Sunday, December 9, 2007

Euro’ll do nicely! – Get ready for the switch!

The falling dollar: Losing faith in the Greenback

The fear that the dollar could be swiftly supplanted as top dog is based on the idea that one currency will always have a near-monopoly: if everyone holds dollars chiefly because everyone else does, you could imagine how a falling share of global reserves might reach a point when central banks all suddenly switch to a new currency standard.

Posted by stevie dee @ 08:17 PM (701 views)
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4 thoughts on “Euro’ll do nicely! – Get ready for the switch!

  • A delightfully hedged article! Maybe it will, maybe it wont. Maybe soon, maybe not. It would have been nice if he’d at least attempted a conclusion…

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  • True, but th fact it has been mentioned, is to leave the rest to make own mind up or conclusion.

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  • The US will suffer inflation no matter what happens. The dollar’s share of world currency reserves is bound to fall, with the slack taken up mainly by the Euro. Many of the dollars currently floating around overseas will eventually wind their way back to the USA as foreigners become less keen to hold them. This means guaranteed inflation in the USA and devaluation of the dollar.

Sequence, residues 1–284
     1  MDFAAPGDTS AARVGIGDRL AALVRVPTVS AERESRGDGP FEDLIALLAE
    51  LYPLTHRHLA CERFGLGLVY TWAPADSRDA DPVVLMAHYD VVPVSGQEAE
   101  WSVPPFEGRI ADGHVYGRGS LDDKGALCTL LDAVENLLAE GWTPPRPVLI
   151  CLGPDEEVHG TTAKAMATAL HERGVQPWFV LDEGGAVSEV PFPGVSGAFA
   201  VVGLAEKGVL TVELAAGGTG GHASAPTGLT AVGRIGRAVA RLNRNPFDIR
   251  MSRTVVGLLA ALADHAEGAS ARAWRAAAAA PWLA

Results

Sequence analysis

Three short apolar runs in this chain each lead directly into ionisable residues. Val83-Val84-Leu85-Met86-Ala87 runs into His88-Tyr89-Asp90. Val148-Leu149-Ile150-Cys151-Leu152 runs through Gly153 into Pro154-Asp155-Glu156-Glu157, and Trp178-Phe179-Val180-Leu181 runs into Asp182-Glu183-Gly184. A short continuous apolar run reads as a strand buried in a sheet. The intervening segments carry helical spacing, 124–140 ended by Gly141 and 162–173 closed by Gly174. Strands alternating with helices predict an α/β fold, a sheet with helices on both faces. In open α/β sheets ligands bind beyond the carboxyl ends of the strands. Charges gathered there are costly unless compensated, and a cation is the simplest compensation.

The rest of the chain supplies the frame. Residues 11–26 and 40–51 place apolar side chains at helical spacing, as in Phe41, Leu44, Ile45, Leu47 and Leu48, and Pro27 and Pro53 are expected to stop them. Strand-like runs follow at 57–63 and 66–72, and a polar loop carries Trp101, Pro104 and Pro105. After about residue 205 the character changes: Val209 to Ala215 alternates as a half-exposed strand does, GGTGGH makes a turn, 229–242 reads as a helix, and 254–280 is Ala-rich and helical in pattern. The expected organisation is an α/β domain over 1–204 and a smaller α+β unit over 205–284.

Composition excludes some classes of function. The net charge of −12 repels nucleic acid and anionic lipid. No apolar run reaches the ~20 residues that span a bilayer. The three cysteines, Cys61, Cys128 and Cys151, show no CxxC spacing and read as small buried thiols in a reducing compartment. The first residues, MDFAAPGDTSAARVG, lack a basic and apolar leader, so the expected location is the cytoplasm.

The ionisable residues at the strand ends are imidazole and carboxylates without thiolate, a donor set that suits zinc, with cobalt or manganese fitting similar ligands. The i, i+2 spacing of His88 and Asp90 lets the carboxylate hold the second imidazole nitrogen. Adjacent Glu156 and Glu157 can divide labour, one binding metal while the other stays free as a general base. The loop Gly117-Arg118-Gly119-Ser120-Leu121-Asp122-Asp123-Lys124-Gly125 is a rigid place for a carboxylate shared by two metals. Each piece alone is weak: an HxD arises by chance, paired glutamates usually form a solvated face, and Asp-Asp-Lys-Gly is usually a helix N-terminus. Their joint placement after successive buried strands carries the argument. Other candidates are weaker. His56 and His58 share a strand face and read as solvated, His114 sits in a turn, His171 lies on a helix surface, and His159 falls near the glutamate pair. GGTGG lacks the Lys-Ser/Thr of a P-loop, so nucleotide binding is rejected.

Here’s how I see it panning out:
    1) Dollar loses more value as foreigners trade dollars for euros
    2) Inflation hits the USA, 1970s-style; possibly double-digit
    3) The inflation softens the housing market problems by inflating away the debt
    4) During this inflationary period the dollar will be low
    5) Once inflation has shrunk the debt, interest rates will rise again to quash the inflation and restore strength to the dollar (early 1980s)

    So basically, wait until the americans start taking inflation-control seriously before buying dollars or american assets (shares or property). That’s a few years away yet. The low dollar will trigger a boom in exports (as we’re already seeing with Boeing) and an economic recovery – that will be the time to start buying american assets again.

    The fate of the pound in all this is less clear. Any thoughts?

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  • drewster… I think you might have put the cart before the horse. There are a lot of dollars and T-bills in asian reserves. They are going to want to get a reasonable return on their investments, and not allow the US to inflate their own debt away so easily. So they’ll be buying boeings and cool software and biotech, about the only things the US is any good at, and this will push the dollar up off its lows in the near term, give the asians some toys and tech to play with and copy, and allow them to divest themselves of all the dollars more slowly and at better value. This might also soften the medium term US recession, but I doubt it will change the fundamentals enough to re-ignite new growth or reverse the recession. Once that process is well underway and the chinese have got what they want, then the scenario you’ve described will finally take hold in the US, around 2009/2010, dipping into a new depression with stagflation, the dollar disappearing toward nothing and relegated as a reserve currency around 2015.

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